Should global agriculture be liberalized?: theories, models and realities
Science Publishers, Sep 30, 2008 - Business & Economics - 156 pages
According to standard economic theory and modelling, liberalizing agriculture will result in important welfare gains. Because of price volatility, an alternative model, based in general disequilibrium in the Wicksellian tradition, provides much less optimistic conclusions, actually supported by the recent evolution of the world agricultural system, as well as by the history of the many attempts of agricultural trade liberalization since the 18th century.
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What can be expected from the Liberalization
Theoretical Criticism of Agricultural
The Test of Facts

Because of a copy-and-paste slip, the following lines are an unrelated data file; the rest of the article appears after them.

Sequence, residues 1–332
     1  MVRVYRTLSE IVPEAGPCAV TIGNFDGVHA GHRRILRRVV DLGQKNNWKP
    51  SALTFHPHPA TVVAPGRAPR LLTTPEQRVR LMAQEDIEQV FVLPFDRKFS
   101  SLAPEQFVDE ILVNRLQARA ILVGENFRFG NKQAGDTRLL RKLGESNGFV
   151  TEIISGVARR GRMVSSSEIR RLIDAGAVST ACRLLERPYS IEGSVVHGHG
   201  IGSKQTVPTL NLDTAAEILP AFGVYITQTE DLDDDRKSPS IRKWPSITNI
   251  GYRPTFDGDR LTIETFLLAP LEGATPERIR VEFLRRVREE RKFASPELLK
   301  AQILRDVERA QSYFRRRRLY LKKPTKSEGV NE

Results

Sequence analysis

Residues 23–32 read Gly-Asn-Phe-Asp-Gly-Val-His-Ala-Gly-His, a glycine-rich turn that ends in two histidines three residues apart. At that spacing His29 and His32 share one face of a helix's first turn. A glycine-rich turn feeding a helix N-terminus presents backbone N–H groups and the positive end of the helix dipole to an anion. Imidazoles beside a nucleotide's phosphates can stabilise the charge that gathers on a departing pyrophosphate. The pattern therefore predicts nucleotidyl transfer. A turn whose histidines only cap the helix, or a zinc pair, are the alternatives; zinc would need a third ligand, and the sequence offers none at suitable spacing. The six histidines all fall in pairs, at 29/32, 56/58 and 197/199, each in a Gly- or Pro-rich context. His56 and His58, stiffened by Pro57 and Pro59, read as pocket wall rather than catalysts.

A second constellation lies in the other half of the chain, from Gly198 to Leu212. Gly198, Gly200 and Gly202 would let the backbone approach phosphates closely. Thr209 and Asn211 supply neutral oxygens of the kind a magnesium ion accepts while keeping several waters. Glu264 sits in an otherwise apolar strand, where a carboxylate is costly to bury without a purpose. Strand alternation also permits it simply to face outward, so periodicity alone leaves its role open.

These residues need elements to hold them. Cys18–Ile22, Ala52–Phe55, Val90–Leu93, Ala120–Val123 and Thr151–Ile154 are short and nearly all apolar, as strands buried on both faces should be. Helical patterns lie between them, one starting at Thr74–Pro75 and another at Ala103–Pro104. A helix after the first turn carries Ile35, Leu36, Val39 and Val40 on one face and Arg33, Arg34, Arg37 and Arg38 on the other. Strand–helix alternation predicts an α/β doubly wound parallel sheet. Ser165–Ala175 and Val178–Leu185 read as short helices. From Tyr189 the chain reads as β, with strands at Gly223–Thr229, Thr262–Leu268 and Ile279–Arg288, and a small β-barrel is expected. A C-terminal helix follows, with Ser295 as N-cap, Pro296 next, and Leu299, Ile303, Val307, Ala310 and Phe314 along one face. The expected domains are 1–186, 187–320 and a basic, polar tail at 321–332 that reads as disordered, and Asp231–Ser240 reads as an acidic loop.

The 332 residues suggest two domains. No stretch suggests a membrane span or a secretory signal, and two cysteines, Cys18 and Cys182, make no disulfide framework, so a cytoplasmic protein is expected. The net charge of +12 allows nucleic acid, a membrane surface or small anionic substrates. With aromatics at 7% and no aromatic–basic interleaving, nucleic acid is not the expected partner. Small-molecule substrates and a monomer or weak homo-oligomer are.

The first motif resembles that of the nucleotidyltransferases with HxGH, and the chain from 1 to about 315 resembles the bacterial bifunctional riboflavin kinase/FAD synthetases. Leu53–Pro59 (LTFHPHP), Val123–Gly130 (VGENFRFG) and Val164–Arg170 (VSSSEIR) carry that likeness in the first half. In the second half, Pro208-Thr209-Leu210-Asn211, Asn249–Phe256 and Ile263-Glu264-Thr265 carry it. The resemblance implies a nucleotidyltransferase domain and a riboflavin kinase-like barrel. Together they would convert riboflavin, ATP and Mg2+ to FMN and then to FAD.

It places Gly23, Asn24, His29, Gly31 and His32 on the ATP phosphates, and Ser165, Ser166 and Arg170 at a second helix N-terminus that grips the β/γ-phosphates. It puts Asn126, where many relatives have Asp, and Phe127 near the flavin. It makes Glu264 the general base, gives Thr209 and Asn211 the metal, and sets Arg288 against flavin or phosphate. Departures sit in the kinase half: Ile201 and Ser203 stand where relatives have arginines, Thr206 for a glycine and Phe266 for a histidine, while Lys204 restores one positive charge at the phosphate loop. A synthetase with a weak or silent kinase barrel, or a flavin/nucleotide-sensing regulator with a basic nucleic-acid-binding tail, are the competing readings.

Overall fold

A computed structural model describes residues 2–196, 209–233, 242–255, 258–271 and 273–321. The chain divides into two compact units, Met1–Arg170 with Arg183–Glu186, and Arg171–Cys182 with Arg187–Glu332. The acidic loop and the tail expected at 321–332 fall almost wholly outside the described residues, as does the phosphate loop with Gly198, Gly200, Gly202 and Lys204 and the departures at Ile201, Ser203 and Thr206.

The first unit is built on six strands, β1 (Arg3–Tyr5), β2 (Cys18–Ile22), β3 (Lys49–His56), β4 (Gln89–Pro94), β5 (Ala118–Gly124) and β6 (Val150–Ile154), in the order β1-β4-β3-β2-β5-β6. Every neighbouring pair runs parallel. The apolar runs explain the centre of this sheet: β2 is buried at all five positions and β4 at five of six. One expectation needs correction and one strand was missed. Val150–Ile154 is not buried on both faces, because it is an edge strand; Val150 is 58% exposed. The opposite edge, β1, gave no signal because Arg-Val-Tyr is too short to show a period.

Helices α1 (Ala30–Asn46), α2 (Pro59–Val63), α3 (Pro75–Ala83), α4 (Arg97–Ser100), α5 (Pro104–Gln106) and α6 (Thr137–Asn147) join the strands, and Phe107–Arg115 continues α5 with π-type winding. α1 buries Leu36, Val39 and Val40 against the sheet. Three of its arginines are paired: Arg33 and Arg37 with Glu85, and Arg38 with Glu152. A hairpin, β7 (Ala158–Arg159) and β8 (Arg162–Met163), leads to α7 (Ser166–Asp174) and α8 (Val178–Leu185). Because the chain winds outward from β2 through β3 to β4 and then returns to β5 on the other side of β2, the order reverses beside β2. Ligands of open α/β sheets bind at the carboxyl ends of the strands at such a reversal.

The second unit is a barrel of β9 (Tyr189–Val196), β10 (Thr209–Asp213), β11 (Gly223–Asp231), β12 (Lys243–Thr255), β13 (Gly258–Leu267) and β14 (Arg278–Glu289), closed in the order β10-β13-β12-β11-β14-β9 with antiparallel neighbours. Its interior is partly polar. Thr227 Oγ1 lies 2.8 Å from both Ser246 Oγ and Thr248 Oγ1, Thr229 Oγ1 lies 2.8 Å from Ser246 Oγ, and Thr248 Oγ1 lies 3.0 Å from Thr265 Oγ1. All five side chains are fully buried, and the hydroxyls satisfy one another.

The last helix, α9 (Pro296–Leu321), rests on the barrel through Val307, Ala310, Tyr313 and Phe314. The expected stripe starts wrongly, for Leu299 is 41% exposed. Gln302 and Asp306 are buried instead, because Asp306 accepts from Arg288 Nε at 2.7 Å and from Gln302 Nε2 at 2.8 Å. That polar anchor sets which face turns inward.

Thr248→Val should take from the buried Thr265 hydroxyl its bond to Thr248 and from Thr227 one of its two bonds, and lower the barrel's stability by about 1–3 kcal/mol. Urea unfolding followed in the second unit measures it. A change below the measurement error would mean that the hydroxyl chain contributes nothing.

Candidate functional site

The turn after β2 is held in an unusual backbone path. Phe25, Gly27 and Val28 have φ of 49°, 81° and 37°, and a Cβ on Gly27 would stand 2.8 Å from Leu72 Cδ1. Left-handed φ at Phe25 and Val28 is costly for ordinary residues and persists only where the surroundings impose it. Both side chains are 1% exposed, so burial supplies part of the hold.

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agricultural commodities agricultural policies agricultural prices agricultural products average behavior benefits capital chaotic cobweb cobweb model comparative advantages consequences consider consumer consumption corresponding countries demand curve developed difficult economic rent economists effect elasticity endogenous entrepreneur equations equilibrium models equilibrium price Europe European Union export fact farmers Figure France free trade futures market gains global GTAP guaranteed price hypothesis ID3 model idea important income increase inelastic input invested large numbers law of large maize marginal cost marginal productivity maximize natural obtained obviously parameters phenomena poor possible presented price fluctuations problem production cost production factors production function profit protectionism quantity random reality reason reference situation regions represents Ricardo rich risk aversion risk premium role scenario sector sell solution speculators standard model stocks sub-Saharan Africa sugar supply technical progress theory Thirteen-region lD3 model volatility wheat wine